The etiology of chiari type I malformation remains unclear. One theory to describe this form of hindbrain herniation suggests that a smaller than normal posterior cranial fossa predisposes a normal-sized cerebellum to traverse the foramen magnum during development [9].

Ekinci et al. [17] used the MRIs obtained from 24 normal volunteers ranging from 20 to 25 years of age and measured the total brain, cerebral, and cerebellar volume. They found that the mean cerebellar volume was 117.75±10.7 cm3 and 111.83±8.0 cm3 in males and females, respectively. Acer et al. [12] used MRI for CV estimates using two different methods in both sexes. They found that the mean results of the stereological method were 116.69±10.1 cm3 and 114.41±9.3 cm3 in males and females, respectively. Their results demonstrated that female subjects had smaller cerebellar volumes than males. However, the difference between the genders was not statistically significant (𝑃>0.05). We found that the mean (±SD) CV was 133.10±15.29 cm3 and 117.77±13.70 cm3 in the male and female control subjects, respectively. Our research yielded similar results to other previous research.

Milhorat et al. [9] found that the total volume of the posterior cranial fossa was decreased by an average of more than 10 cm3 in some patients with CMI compared with a control population. Tubbs et al. [7] found that the mean PCFV was 208.5 cm3 in chiari patients. They did not find any statistically significant difference between controls and patients with CMI.

Furtado et al. [22] found that the PCFV in childhood patients with chiari malformation was significantly lower than in the control group (𝑃=0.002). They found that the mean PCFV was 204.1 cm3 in patients with CMI and 252.8 cm3 in the age- and sex-matched control group. Also, they found that the PCFV in adult patients with chiari malformation was 245.4 cm3. Nishikawa et al. [23] found that the PCFV in adult chiari patients and the PCFV in the control group were 186 cm3 and 193 cm3, respectively. They noted a smaller PCFV in the CMI patients. Our results revealed that chiari subjects had less PCFV and CV than the control group.

Schady et al. [24] found an inverse relationship between the size of the posterior cranial fossa and the degree of cerebellar herniation, whereas Stovner et al. [25] showed a strong positive correlation. We found that there was a correlation between the PCFV and CV in the control and chiari groups in our study.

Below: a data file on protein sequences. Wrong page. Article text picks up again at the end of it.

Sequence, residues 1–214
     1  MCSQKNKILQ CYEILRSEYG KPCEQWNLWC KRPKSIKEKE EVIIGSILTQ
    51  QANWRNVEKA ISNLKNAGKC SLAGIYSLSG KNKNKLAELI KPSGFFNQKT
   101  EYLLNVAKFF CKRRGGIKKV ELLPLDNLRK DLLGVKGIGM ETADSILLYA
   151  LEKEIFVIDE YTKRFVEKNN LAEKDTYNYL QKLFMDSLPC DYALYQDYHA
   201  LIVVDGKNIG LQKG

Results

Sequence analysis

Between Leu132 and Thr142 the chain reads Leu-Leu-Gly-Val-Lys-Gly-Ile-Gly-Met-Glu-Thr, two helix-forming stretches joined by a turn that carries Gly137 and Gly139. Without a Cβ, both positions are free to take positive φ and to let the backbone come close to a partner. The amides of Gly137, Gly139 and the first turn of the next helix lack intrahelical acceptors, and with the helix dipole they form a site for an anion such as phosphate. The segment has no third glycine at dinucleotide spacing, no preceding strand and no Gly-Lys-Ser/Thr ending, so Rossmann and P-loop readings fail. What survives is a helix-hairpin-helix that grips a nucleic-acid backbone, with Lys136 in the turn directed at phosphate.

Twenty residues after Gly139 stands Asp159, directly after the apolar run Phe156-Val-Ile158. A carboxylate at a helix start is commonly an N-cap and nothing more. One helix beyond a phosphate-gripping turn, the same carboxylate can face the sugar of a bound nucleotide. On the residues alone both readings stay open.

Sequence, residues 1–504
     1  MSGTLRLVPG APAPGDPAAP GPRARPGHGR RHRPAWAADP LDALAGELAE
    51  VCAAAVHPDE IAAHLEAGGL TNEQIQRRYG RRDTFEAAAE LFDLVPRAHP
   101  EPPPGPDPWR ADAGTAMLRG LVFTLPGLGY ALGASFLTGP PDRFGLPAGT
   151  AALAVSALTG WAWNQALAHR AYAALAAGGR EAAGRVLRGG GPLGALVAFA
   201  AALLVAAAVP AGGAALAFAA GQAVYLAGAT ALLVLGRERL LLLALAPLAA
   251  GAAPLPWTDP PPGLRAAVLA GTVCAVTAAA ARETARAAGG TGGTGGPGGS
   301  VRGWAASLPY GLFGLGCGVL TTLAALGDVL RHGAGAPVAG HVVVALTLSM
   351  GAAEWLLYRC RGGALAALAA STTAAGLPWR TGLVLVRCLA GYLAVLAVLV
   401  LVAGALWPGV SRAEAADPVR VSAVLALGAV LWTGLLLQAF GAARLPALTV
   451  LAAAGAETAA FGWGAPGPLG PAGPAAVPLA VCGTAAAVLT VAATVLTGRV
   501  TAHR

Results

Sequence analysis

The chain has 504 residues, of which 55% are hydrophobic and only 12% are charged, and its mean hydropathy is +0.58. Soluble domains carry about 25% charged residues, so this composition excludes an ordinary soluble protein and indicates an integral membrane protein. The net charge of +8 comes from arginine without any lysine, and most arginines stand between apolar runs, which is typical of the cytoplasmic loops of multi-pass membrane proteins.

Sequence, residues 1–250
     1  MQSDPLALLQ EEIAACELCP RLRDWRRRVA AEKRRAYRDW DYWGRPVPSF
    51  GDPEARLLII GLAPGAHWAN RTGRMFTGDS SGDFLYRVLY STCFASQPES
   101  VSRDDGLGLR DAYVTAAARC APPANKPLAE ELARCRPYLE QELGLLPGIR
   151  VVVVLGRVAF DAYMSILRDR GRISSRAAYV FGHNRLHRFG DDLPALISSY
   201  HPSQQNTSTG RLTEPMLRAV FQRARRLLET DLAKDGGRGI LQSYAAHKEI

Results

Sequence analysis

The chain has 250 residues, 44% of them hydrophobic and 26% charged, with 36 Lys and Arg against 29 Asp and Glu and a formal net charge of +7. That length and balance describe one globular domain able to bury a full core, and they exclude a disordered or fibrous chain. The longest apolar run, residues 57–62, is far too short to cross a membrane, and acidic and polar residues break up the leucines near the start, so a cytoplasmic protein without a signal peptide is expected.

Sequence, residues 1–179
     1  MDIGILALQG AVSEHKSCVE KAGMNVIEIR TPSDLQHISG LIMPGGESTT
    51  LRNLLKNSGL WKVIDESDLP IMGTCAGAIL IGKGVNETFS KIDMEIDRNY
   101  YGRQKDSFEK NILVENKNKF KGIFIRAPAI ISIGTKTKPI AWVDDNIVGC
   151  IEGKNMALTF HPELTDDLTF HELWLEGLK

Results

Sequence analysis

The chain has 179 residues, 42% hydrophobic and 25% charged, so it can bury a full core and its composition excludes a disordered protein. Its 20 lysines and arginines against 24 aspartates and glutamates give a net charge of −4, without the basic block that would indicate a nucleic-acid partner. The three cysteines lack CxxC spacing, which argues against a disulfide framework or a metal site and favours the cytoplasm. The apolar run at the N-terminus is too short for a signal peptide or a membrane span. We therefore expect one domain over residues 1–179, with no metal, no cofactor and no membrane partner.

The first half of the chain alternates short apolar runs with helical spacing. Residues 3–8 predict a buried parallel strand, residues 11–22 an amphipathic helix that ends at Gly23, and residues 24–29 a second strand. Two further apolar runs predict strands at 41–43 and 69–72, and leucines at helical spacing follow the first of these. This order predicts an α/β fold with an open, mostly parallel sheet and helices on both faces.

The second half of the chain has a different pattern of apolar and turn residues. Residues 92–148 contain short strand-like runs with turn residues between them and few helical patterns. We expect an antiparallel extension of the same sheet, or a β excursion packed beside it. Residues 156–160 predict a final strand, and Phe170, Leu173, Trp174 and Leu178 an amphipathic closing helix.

The chiari type I malformation is traditionally characterized by the downward herniation of the cerebellar tonsils with a descent of 5 mm or more below the foramen magnum [26]. In literature, in patients with chiari type I malformations, herniation of the cerebellar tonsils is within a range of 3 to 29 mm below the foramen magnum [3, 22, 26]. Our results are similiar to the values obtained by other authors, and we showed a correlation between herniated tonsillar volume and length in the chiari group.

5. Conclusion

This study has shown that there are statically significant differences in the posterior cranial fossa volumes between CMI patients and control subjects. On the other hand, smaller CV is seen in CMI patients, but this difference is not statistically significant. We have highlighted several new features, such as herniated tonsillar volume of the CMI malformation that provide for a better understanding of how to use it as a radiological assessment. We also found a positive correlation between the PCFV and CV for each group. There was also a correlation between herniated tonsillar volume and length in the CMI group.

We believe that these correlations and measurements will facilitate the diagnosis of chiari malformations by radiologists and neurosurgeons. The clinicians and radiologists can consider the size of the herniated tonsils of the cerebellum if they know the herniated tonsillar length. The findings of the current study using stereological methods provide useful data for the evaluation of normal and pathologic volumes of the cerebellar and posterior cranial fossa.

Authors’ Contribution

The authors of this paper, who are indicated in the title, made substantial contributions to the following tasks of research: initial conception and design (Ü. E. Vurdem, T. Ertekin, N. Acer A. Savranlar, M. F. İnci); administrative, technical, or material support (Ü. E. Vurdem, A. Savranlar, M. F. İnci); acquisition of data (Ü. E. Vurdem, N. Acer, T. Ertekin, A. Savranlar, M. F. İnci); laboratory analysis and interpretation of data (Ü. E. Vurdem, N. Acer, T. Ertekin, A. Savranlar, M. F. İnci); drafting of the paper (N. Acer, T. Ertekin); and critical revision of the paper for important intellectual content (Ü. E. Vurdem, N. Acer, A. Savranlar, T. Ertekin, M. F. İnci). The views expressed herein are those of the authors and not necessarily of their institutions or sources of support.

Acknowledgments

The authors wish to thank Professor Dr. Erdoğan Unur, Professor Dr. Kenan Aycan, Prof. Dr Harun Ulger, Halil İbrahim Çelik and Sibel Erciyes for their skillful technical assistance.